He pointed out that the European Central Bank (ECB) had recently begun tightening monetary policy at “an unprecedented pace”, meaning the cost of capital for firms is on the rise. “Governments, firms, and households became more indebted during the era of low interest rates, which makes them more susceptible to these financial shocks,” he added.

Discovering companies early

This backdrop emphasises the need for experience and Ben Griffiths, manager of the T.Rowe Price European Smaller Companies Equity fund, has many years under his belt. He focuses on high quality, durable franchises with good capital allocation and high standards of corporate governance. Finding attractive companies at an early stage is key to his approach. The fund consists of a diversified portfolio of 70-100 small and mid-cap European companies, with environmental, social and governance (ESG) factors taken into consideration.

Mix of exposures

One of the interesting parts of smaller companies is the diverse range of industries and companies chosen by fund managers covering the area. For example, Mark Heslop and Phil Macartney, who manage the Jupiter European Smaller Companies fund, have exposure to nine sectors**. The most significant is industrials, which accounts for a 26.9% allocation, followed by 16% in financials, 14.6% in technology, and 14.3% in health care*. There is also broad country exposure. Switzerland has the largest share of 23.3%, followed by Italy with 19.3%, Germany on 15.8%, and France with 10.8%**. The fund, which was only launched just over three years ago, looks to buy and hold high quality companies that are experiencing secular growth. These growth trends include ageing populations, emerging wealth, automation and supply chain efficiency, the environment, and data/digitisation.

Equities should be in a better place

Looking to the future, Ollie Beckett and Rory Stokes, the co-managers of the Janus Henderson European Smaller Companies fund, are relatively upbeat. In their most recent quarterly update, they highlighted how European equity markets had found some support during the final few months of 2022. Investors were weighing up a number of factors, they noted, such as the extreme valuation discount of European equities and US dollar strength offering earnings support for European multinationals. “We think equities should be in a better place by the end of 2023 as easing interest rates could open the door to a degree of normalisation in terms of share price valuations,” they wrote.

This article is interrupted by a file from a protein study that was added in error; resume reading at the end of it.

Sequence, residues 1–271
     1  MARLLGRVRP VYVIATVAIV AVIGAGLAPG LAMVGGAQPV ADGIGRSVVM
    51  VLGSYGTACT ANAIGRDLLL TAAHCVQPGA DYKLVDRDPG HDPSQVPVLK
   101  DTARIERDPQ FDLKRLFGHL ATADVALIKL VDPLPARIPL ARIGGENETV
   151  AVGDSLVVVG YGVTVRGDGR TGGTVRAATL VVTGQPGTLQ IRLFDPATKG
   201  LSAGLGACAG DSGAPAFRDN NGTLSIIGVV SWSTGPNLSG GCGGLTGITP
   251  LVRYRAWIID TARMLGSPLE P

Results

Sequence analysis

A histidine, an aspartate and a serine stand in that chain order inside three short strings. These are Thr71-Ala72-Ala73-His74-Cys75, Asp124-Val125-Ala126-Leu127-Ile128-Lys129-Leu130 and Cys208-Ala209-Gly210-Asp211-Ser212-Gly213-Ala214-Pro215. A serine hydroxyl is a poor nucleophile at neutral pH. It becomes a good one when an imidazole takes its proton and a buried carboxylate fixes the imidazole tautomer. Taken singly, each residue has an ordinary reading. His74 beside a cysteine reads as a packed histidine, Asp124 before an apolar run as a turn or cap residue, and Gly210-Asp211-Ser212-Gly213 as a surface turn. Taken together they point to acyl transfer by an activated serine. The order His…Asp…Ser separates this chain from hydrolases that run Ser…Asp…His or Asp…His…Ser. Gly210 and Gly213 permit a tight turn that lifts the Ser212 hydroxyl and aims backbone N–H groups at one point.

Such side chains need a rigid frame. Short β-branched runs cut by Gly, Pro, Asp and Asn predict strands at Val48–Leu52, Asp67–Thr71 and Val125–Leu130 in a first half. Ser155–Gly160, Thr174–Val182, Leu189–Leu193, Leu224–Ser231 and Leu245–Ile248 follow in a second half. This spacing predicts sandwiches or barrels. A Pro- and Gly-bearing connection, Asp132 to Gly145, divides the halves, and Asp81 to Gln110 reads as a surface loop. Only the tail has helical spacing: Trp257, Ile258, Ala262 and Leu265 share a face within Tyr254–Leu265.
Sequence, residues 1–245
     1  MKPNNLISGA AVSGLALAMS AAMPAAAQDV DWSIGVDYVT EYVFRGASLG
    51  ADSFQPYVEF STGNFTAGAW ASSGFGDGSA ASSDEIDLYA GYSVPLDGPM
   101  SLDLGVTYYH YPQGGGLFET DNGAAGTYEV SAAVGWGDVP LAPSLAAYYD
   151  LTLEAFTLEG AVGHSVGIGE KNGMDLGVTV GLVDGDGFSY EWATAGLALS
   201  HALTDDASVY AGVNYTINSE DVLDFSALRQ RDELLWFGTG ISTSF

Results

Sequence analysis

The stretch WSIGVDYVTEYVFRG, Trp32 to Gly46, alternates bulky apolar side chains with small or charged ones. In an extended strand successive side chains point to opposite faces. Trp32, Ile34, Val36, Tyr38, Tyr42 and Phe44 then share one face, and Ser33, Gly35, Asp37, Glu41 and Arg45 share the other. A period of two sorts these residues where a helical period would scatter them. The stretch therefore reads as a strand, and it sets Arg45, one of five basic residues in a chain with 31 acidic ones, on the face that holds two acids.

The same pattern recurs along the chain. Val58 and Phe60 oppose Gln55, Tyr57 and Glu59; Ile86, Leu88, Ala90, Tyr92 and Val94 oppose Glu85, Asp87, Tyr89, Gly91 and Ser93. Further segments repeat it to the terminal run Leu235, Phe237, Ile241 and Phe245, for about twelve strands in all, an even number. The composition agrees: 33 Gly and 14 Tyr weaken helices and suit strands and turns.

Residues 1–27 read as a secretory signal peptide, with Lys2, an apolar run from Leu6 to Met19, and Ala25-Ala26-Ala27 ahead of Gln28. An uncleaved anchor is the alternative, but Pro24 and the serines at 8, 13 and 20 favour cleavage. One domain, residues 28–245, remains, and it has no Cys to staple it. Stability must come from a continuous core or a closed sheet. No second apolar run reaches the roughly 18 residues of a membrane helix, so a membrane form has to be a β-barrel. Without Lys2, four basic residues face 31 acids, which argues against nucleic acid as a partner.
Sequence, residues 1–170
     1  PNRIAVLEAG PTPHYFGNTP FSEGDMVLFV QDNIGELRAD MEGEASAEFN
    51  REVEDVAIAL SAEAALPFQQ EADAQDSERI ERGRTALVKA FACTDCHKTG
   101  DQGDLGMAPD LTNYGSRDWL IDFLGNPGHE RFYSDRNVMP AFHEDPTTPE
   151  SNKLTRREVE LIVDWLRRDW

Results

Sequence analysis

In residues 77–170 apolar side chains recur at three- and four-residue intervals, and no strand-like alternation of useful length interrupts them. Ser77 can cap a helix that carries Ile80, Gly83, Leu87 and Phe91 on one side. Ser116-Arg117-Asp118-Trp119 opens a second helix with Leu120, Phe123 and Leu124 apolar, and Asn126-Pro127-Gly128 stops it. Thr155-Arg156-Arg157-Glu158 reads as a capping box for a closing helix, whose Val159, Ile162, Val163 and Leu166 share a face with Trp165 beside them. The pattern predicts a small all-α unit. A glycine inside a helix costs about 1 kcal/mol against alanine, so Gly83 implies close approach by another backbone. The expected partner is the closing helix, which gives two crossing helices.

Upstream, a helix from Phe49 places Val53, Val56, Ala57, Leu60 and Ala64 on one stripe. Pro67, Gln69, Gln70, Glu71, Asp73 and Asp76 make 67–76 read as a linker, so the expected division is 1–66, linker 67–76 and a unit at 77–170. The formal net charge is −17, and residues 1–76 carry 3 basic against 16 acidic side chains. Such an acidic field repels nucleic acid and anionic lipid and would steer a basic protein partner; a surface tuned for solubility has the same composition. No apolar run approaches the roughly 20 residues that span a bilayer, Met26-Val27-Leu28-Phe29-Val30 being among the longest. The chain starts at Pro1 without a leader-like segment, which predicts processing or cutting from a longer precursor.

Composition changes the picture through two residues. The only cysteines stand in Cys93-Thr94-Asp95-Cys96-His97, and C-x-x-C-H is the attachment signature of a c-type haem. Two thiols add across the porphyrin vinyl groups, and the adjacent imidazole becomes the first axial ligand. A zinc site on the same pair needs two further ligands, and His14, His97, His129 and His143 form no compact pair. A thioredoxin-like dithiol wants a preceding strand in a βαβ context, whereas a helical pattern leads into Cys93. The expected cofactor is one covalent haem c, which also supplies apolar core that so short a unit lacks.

However, Ollie and Rory acknowledged that this cycle might look considerably different from the last 15 years with interest rates likely to settle above the average since the global financial crisis. “We continue to deploy capital in a portfolio of what we see as Europe's most attractive small companies, balanced between opportunities across both value and growth-style stocks,” they noted.

*Source: FE fundinfo, total returns in sterling, calendar year 2022
**Source: fund factsheet, 31 January 2023

Past performance is not a reliable guide to future returns. You may not get back the amount originally invested, and tax rules can change over time. The views expressed are those of the author and fund managers and do not constitute financial advice.

Published on 13/03/2023